This last weekend I had to travel to Billings on business but was fortunate to spend time with my friends, Steve and Rose, who recently had to put down their Rottweiler, Tasha. During our talks, Rose shared about Tasha’s quick decline and final day but also about how fortunate they were to have had her eleven years. Tasha was two years old when they adopted her from the shelter in Bozeman after they approached BSRR about getting another dog when their first rescue had passed away. As with anyone who has lost a four legged family member, the hole left in their hearts was evident with moist eyes and broken voices as Tasha’s final day was relived. Rose then told about that evening how she couldn’t look at Tasha’s bed and removed it from their bedroom, wash it and then stored it in the basement. I knew exactly how she felt.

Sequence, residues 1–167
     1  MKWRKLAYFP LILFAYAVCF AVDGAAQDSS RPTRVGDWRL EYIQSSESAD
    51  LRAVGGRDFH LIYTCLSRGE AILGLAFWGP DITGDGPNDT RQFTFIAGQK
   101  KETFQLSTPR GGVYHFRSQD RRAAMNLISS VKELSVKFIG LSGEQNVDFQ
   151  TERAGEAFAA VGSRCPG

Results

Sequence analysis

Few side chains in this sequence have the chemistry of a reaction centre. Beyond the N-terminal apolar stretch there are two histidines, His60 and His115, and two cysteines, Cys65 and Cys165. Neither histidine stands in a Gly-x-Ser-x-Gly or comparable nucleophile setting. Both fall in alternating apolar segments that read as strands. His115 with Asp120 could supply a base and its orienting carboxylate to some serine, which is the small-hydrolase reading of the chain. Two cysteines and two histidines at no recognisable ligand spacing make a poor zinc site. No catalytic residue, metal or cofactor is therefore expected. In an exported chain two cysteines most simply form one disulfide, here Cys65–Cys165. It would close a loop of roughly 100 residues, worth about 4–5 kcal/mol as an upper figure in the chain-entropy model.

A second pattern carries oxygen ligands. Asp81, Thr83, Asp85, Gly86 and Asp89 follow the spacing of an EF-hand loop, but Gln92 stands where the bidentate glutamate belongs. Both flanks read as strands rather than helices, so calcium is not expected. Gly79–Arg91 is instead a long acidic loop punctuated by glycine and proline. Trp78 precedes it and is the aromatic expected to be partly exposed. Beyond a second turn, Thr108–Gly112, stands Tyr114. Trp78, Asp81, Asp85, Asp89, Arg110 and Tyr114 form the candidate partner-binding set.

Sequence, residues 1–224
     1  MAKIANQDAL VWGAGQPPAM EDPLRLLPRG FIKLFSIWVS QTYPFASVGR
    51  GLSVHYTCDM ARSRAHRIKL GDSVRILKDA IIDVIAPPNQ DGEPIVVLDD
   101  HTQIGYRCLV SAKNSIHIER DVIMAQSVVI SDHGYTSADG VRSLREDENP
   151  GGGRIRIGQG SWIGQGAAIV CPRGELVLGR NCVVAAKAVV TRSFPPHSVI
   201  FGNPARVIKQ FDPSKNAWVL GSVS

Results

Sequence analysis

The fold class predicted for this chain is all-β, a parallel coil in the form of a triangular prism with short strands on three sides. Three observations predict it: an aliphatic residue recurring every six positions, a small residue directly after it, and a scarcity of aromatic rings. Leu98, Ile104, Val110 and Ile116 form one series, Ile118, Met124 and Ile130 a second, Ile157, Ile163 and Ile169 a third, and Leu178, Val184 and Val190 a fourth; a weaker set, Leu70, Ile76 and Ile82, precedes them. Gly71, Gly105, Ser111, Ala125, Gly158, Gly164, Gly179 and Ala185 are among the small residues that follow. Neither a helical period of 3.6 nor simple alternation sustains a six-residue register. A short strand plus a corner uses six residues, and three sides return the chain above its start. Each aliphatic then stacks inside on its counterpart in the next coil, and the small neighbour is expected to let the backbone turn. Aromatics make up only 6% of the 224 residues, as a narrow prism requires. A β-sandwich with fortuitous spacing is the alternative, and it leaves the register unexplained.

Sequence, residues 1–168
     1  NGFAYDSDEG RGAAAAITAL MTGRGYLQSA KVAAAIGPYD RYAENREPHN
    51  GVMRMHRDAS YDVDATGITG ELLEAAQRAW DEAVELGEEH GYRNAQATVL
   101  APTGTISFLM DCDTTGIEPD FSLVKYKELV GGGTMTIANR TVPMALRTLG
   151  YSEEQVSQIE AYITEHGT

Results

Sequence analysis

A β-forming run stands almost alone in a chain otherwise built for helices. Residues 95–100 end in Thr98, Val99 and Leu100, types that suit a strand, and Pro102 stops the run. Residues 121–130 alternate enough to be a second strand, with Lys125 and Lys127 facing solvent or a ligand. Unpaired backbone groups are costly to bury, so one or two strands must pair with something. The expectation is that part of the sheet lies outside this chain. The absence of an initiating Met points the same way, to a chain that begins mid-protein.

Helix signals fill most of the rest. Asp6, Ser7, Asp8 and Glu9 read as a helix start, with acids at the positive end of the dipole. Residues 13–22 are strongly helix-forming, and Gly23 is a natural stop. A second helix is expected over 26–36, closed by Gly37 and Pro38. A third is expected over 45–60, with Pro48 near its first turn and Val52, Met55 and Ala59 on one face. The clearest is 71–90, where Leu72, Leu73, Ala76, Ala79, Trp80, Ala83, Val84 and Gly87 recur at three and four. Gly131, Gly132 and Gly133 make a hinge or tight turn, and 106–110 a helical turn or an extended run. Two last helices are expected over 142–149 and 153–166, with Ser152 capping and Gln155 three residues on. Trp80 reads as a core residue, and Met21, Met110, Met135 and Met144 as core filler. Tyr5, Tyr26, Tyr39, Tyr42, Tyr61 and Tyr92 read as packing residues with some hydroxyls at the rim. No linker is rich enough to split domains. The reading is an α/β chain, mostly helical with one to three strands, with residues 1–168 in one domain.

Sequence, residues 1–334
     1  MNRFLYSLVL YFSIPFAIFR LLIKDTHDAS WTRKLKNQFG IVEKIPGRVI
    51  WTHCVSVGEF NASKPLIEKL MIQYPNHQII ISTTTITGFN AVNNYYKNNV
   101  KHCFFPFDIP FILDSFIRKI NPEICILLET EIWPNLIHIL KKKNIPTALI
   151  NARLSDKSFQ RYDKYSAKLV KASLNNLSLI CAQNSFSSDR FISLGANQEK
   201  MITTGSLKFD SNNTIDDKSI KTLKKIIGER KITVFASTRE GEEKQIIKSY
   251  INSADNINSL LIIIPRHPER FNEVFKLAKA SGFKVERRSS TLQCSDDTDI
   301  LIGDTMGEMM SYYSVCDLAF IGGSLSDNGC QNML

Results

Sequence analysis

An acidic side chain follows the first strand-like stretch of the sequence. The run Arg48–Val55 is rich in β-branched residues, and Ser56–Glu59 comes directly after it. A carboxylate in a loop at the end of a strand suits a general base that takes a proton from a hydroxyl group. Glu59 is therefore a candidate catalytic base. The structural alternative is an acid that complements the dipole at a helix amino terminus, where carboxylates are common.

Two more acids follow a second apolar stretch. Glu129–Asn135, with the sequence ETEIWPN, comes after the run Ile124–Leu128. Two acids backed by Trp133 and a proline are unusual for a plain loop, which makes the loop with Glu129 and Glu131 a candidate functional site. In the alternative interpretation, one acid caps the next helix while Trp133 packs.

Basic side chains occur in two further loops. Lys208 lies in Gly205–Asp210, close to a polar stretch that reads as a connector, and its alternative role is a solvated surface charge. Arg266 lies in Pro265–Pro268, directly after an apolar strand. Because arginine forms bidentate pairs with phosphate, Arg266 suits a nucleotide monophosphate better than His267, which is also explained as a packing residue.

I barely got the first word out when I froze and stood staring at the empty bed. I knew not to look elsewhere as the night before, my veterinarian had helped me load his body into my car for me to drive Griz to the pet crematorium that evening. All I was left with was the empty bed.
I didn’t want to do something that was specific to Griz but rather to all the dogs I had walked through life with but were now no longer there. It grew beyond that to where I now send it to anyone who loses their dog and is struggling. To let them know that their pain is normal and that they are not alone. So I share it with you now and encourage you to share it as well. I do this because if there is one thing I’ve learned as a dog owner, it’s that the love we have for our pets is only equaled by the grief we experience when they part from us.